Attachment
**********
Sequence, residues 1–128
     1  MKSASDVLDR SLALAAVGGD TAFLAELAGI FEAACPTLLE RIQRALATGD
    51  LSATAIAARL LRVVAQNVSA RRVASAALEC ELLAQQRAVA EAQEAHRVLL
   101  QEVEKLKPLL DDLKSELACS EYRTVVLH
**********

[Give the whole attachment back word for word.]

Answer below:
Sequence, residues 1–128
     1  MKSASDVLDR SLALAAVGGD TAFLAELAGI FEAACPTLLE RIQRALATGD
    51  LSATAIAARL LRVVAQNVSA RRVASAALEC ELLAQQRAVA EAQEAHRVLL
   101  QEVEKLKPLL DDLKSELACS EYRTVVLH